Friday, August 14, 2009

(TALKZIMBABWE) Mugabe: still clenching the fist

Mugabe: still clenching the fist
Frank Tsambe - Opinion
Fri, 14 Aug 2009 13:01:00 +0000

THE premier political icons of my early adulthood were Robert Mugabe, Herbert Chitepo, Dr Parirenyatwa, Dr Joshua Nkomo, Joseph Msika among other luminaries. Locked into a battle against imperialism, for the West and for others they hung over that part of the world like a terrifically bad smell. They were bitterly hated, deep from the heart, and often sincerely wished dead.

President Mugabe is, apparently, still hated and villified, yet the struggle that he fought that time is still the struggle he fights today: against imperialism. His crime: to empower politically and ECONOMICALLY his people. Yet he has never swerved from that struggle or feared political punch ups.

Infact he has given that struggle a new impetus as calls for self-determination and struggles for economic independence have taken a new twist.

He, after the death of Yasser Arafat, is the only icon from that generation that stands tall in the struggle for land.

He has said time and again, the issue is about land, not about internal division. Two times over his Zanu PF party has entered into unity with other parties in the country; first with PF Zapu and now with the MDCs. Yet the debate is still about land and economic empowerment, not about internal division and how its resolved.

At the burial of VP Msika (May his soul rest in peace) President Mugabe took the opportunity to ask why there was no Western government willing to put its money into the inclusive Government, but wanted to remote-control what goes on in that country. It's a good question.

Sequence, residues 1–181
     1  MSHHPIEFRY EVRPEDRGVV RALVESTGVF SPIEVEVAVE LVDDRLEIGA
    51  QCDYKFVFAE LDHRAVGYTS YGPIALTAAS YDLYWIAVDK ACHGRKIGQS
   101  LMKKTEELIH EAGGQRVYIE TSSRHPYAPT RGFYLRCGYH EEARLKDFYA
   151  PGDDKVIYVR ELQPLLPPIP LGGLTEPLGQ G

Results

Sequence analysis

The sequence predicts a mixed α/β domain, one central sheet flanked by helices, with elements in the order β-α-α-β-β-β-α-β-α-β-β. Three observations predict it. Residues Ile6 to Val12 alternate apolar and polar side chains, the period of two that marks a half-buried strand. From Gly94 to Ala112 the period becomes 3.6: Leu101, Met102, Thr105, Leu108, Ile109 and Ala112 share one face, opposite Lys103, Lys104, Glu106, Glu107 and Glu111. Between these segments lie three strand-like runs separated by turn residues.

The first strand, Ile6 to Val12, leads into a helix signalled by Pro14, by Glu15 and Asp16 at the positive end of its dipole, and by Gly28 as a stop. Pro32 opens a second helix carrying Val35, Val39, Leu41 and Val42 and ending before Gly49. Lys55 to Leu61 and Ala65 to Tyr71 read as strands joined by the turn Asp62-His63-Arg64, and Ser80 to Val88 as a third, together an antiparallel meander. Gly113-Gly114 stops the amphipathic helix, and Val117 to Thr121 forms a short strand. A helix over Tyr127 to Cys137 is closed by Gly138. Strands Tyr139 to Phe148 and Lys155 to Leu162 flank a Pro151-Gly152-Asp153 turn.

As it happens, the government of Zimbabwe has the best record of any I remember, on the fight for self determination and economic empowerment. Work on a land redistribution and black empowerment strategy proceeds apace, and that's crucial.

If President Mugabe's reference to land and black empowerment in all his speeches is no clarion call, it still heartens Africans used to deafening silence and offers hope to former colonised people who wish to control their own means of production.

The West seems to have realised that if they don't manage Mugabe there's going to be mayhem as people of clour start calling for control of their wealth; not their politics.

So far so good, then. They are doing just that, but failing.

With the prospect of a potentially close-fought election in the offing and a general sense that the public as a whole is sick to the back teeth of ideology-free politics, the West is desperate to destroy Mugabe once and for all. They are not missing this chance for a proper political punch-up?

But there are no young people to carry the torch or to pass the baton to. The future is too ghastly to comprehend. There are no visionaries anymore, at least not in the current crop of politicians.

There is a lot of space for ideology and ideological debate in Zimbabwe and Africa. There is a dearth of visionaries. The politicians we have today are merely warming up with some stretching exercises, moving into some light ideological sparring around how they would ensure the Zimbabwean question is properly dealt with.

They fail to really stir us up by showing some passion about addressing the plight of Zimbabweans and addressing the land question.

If politicians were really feeling brave they might try talking about how they could help tackle the land problem globally.

I passionately think the West secretly admires Mugabe. They realise he will not swerve from the land debate or will not shun political punch-ups. The fist is still clenched.

There's an urgent need among us the youth for the same energy if we are really going to be empowered.

Frank Tsambe is a researcher with Global Policy Research. He is based in Kualar Lumpur, Malaysia.

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